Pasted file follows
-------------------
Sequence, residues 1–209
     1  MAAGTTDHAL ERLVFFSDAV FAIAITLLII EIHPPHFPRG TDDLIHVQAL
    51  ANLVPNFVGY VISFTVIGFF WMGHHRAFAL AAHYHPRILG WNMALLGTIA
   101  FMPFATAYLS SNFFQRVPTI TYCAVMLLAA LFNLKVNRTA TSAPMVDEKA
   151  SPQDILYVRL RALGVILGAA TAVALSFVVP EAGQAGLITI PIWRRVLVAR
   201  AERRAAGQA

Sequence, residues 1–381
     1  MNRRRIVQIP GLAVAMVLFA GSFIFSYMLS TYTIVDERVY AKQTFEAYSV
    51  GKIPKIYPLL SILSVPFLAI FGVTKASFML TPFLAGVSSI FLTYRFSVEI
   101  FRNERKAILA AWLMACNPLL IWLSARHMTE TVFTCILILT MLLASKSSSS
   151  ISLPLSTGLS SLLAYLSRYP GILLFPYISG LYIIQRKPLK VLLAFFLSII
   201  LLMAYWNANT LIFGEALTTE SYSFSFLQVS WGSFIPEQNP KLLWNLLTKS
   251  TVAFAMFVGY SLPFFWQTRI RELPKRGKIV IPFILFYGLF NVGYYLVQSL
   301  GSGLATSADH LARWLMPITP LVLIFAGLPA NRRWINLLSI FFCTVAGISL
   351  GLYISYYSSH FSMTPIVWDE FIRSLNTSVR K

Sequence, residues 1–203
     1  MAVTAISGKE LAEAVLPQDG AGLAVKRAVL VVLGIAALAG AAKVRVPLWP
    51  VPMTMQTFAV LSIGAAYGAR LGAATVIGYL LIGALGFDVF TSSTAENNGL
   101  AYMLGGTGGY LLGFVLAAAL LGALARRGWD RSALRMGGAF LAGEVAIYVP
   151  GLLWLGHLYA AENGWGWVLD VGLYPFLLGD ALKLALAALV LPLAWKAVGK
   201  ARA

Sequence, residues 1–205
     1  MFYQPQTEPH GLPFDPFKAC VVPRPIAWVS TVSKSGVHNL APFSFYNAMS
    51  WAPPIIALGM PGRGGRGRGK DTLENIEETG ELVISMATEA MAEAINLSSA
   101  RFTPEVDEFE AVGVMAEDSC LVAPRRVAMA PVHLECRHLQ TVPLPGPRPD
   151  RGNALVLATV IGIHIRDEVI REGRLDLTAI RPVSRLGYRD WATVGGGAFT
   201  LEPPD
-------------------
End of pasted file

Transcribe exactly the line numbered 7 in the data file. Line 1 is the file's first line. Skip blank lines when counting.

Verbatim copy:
Sequence, residues 1–381